The Tariff Unity Act (“Tarifeinheitsgesetz“) provides that in case several collective bargaining agreements apply in one establishment, the agreement concluded with the union that has the highest number of members among the employees in the establishment shall prevail. Smaller unions also represented in the establishment are then only entitled to take on this same agreement for their members. The law was challenged by several trade unions. The ruling of the Federal Constitution Court, holding that the Tariff Unity Act is in line with the German constitution to a large extent, is a major setback for trade unions representing small but important key personnel within companies, such as pilots, air traffic controllers or train drivers.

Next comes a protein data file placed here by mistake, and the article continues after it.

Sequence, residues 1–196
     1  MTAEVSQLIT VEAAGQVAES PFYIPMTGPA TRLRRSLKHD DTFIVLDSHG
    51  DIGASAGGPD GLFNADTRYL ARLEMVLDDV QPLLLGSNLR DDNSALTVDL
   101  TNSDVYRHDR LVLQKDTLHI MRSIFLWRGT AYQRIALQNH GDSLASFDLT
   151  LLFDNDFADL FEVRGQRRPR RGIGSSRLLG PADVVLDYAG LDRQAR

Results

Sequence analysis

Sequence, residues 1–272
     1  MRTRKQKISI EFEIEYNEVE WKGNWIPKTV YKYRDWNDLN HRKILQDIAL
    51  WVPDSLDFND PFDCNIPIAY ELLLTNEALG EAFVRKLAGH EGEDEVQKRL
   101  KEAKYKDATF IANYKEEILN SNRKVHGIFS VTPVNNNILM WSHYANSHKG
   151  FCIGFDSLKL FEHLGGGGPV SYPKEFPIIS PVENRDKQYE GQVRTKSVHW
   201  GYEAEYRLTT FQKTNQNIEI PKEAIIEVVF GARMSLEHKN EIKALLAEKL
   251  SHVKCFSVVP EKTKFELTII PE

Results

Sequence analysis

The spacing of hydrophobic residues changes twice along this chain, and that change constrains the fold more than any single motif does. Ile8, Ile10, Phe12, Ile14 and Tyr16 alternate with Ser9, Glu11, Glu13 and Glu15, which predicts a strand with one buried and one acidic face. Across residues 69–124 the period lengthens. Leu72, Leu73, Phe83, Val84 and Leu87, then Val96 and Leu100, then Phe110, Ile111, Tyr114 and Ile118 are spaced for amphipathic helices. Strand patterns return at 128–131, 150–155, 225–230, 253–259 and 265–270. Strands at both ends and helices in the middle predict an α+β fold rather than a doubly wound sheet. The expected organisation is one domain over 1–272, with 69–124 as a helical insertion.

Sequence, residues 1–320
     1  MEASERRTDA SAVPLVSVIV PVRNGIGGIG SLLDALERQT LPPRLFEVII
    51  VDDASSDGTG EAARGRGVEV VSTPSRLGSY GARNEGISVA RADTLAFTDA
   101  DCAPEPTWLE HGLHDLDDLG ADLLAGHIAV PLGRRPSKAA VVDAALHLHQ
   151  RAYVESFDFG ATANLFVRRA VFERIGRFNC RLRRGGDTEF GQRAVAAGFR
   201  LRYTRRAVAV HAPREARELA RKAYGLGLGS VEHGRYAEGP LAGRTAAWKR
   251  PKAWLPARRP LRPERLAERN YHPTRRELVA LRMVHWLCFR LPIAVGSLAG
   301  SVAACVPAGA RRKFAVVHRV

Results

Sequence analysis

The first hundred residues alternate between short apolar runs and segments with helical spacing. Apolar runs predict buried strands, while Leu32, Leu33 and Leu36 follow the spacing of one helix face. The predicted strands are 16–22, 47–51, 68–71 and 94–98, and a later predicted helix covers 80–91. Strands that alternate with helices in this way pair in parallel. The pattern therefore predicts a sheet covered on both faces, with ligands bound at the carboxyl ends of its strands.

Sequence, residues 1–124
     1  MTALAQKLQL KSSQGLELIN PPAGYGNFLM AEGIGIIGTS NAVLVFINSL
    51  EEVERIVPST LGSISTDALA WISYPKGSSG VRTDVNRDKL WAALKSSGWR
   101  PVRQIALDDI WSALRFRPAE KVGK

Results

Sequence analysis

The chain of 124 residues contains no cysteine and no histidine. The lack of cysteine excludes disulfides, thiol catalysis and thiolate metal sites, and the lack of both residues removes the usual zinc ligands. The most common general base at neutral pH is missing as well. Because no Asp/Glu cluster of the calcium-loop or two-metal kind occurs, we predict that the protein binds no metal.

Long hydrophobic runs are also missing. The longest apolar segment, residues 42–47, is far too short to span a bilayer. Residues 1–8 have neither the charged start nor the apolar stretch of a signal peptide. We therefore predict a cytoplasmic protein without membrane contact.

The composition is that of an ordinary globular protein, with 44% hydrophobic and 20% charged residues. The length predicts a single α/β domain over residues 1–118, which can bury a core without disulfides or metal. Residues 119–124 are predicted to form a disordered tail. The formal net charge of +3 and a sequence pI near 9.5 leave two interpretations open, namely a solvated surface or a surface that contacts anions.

Such unions will face significant limitations, e.g. regarding the right to initiate a strike, as long as there is another union represented in the establishment with a higher number of members. Companies will more often be in the position to deal with only one union and effectively rely on the peace duty once a collective bargaining agreement has been concluded.